In the current fiscal year, wages and salaries represent $21.7 billion of the city budget, with benefits accounting for another $13 billion. But benefits are growing at twice the pace of salaries, according to the city’s comptroller, William Thompson. The two are already equivalent in the budget of the fire department, and the police department is not far behind. Within a few years, the city’s budget director has warned, New York could reach a tipping point in which the costs of pensions and health-care benefits will exceed the cost of salaries altogether.
In a legal version of Bernard Madoff’s Ponzi scheme, the state constitution actually guarantees public-sector employees an 8-percent return on their pension investments in good times and bad. When the stock market was spiraling upward, the city managed to achieve that benchmark every year without having to dip into its general fund. But in 2009, with Wall Street down some 6,000 points off its high, the city will be forced to raise taxes and raid other funds to meet this profoundly ill-considered but nonetheless undeniable obligation. New Yorkers will no longer be able to blind themselves to the fact that, whereas city government was originally developed to serve the citizenry, the citizenry is now working in large part to serve government.
In 1975, in the midst of a severe national economic downturn, the city was able to look to the state government in Albany for relief. But in the intervening decades, with upstate New York hollowing out, Albany has become even more dependent on Wall Street for tax revenue than the city. The state’s budget has actually been hit harder than the city’s by the financial meltdown. In 2007, the wealthiest 1 percent of New York taxpayers generated 41 percent of all state income taxes—up from 26 percent in 1995 (when the marginal tax rate was higher). That wealthiest 1 percent is now less wealthy, and will be sending fewer dollars to Albany.
This is clearly a moment that calls for sober political leadership. But as the state burns, Albany fiddles. Its politics have entered a Gothic period. At the beginning of 2008, Eliot Spitzer was New York’s newly elected governor, Alan Hevesi was state comptroller, Andrew Cuomo the attorney general, and Sheldon Silver and Joe Bruno the leaders of the state legislature. Only Cuomo and Silver remain in office. Spitzer was driven from office by a sex scandal after a disastrous first year. Hevesi was forced out for misuse of state funds. Bruno was brought down by an FBI investigation that found he had long used his office to operate a lucrative influence-peddling scheme. In the aftermath, Spitzer’s replacement, David Paterson, has proved so ineffective and uninspiring that his approval rating stands below 20 percent.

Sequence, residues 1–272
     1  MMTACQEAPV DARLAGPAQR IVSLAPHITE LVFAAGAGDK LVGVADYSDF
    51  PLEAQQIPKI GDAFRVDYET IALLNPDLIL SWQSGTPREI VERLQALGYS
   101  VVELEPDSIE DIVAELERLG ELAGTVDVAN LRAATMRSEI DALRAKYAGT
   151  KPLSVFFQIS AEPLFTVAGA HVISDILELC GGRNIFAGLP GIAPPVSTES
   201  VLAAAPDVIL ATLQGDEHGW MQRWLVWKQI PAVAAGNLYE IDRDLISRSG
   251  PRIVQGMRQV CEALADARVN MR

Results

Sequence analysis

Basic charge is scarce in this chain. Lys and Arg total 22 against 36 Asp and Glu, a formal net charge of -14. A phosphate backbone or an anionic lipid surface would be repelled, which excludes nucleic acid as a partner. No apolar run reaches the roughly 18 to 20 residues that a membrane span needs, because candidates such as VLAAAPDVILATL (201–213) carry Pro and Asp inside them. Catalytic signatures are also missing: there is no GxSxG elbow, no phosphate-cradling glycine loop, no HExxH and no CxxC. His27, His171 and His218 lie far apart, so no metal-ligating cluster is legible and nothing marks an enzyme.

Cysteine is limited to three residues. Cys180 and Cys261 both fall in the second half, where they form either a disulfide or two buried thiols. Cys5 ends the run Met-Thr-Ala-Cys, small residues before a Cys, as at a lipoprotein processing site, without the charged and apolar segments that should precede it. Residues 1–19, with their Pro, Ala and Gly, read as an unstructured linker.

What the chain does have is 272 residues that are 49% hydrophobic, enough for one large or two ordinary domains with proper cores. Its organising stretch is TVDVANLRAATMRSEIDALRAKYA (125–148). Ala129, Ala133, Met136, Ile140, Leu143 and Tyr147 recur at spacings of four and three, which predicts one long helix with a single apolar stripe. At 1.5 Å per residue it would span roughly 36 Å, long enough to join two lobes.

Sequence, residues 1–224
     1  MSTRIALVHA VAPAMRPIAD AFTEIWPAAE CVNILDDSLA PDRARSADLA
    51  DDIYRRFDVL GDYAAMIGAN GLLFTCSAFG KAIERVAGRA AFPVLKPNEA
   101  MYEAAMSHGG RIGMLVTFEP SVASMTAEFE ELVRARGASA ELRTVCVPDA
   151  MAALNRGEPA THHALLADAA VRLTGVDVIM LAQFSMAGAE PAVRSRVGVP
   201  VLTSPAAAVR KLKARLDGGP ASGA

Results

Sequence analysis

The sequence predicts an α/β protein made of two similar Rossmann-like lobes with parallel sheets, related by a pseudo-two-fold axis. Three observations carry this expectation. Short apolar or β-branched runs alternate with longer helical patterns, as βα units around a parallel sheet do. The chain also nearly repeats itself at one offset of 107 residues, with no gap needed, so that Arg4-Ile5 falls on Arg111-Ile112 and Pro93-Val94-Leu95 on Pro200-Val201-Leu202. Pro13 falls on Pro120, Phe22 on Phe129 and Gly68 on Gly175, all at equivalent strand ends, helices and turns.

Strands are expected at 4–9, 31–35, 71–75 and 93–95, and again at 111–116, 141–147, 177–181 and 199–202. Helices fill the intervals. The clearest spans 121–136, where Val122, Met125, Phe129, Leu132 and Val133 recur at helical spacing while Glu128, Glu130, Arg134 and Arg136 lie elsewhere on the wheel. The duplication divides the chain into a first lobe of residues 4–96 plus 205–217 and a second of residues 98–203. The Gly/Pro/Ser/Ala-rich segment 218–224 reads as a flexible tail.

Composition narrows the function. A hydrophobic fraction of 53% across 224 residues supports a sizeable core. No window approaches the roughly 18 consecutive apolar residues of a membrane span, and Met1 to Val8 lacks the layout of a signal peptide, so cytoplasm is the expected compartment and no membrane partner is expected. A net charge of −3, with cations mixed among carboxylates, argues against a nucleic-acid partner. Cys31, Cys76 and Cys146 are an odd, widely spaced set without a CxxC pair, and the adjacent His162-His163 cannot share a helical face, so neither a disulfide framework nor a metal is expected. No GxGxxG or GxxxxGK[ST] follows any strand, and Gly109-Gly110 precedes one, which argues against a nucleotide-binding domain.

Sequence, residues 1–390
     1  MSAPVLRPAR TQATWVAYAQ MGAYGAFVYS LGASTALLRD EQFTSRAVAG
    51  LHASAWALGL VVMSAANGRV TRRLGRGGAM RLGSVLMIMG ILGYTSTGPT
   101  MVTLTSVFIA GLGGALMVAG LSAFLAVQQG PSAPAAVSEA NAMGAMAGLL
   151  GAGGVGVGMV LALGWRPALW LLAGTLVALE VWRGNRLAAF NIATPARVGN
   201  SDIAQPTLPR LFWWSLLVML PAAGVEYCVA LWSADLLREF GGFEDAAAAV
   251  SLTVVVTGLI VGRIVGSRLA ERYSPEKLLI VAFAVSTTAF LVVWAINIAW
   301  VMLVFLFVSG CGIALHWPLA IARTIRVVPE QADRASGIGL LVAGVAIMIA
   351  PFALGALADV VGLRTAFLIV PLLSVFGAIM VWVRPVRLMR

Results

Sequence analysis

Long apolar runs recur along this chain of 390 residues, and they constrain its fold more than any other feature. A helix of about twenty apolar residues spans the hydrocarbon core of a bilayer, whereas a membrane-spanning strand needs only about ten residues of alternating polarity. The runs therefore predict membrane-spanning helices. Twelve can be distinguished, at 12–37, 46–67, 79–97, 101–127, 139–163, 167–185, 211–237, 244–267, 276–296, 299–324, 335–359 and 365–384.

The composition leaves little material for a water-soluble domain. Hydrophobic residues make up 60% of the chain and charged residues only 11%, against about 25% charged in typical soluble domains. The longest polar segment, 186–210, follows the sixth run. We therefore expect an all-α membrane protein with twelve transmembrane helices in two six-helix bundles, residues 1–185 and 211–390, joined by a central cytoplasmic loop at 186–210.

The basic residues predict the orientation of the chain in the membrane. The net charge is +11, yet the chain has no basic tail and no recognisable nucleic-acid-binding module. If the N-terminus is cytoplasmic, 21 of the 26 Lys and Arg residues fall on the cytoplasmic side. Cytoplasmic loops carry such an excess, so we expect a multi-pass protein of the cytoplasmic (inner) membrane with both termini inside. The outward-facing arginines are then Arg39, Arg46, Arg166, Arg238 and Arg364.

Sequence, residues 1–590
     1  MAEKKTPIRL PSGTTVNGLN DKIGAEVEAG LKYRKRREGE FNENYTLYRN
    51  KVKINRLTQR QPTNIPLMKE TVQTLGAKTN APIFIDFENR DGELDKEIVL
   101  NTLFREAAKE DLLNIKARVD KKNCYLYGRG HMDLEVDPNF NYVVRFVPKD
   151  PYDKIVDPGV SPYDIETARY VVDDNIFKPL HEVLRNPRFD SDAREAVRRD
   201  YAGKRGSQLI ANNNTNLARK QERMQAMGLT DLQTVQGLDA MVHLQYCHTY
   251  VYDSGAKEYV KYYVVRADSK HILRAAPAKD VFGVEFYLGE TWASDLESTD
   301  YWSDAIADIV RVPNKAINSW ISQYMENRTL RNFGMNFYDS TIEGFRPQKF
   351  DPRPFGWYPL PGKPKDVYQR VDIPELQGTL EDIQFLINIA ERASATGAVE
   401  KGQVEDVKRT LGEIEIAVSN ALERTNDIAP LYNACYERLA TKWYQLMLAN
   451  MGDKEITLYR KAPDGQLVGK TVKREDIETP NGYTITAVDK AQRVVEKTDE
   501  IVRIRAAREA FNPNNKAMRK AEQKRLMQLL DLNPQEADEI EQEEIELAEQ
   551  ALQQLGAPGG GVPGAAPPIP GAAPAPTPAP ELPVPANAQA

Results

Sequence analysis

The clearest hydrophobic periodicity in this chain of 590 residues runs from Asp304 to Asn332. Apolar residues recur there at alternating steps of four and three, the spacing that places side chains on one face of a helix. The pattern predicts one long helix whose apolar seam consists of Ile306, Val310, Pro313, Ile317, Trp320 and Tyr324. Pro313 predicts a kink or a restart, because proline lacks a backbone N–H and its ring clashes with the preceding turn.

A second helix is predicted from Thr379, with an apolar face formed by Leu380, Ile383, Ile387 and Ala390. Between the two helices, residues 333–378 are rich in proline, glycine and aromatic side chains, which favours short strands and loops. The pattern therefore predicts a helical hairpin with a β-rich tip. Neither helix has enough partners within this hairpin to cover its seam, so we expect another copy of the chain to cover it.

This wretched political comedy is only reinforced by the ways in which the state attempts to demonstrate fiscal probity. State law requires that all new legislation be evaluated to determine its financial impact. For a time, these evaluations were performed for the state assembly by a professional actuary named Jonathan Schwartz. Last year, Schwartz found that a piece of bipartisan legislation allowing city workers to retire early with full pension benefits would impose no new costs. His declaration was greeted with disbelief. Reporters at the New York Times got on the case, and discovered that Schwartz did not work for the Assembly, as was generally believed, but rather for District Council 37 of the Service Employees Union.
Confronted by a reporter, Schwartz replied candidly that he regularly skewed his evaluations to satisfy his union employers. He described his supposedly actuarial evaluations as “a step above voodoo.” When Schwartz was told that the legislators sponsoring the early-retirement bill were unaware of his affiliations, he replied, “The Legislature knows full well I’m being paid by the unions. If they choose not to disclose that, that’s on them, not me.” When asked which unions he had worked for, he replied, “How many unions are there?” His client list included the teachers, firefighters, detectives, correction officers, and bridge and tunnel officers. New York State has the highest per-employee pension costs in the country for a reason.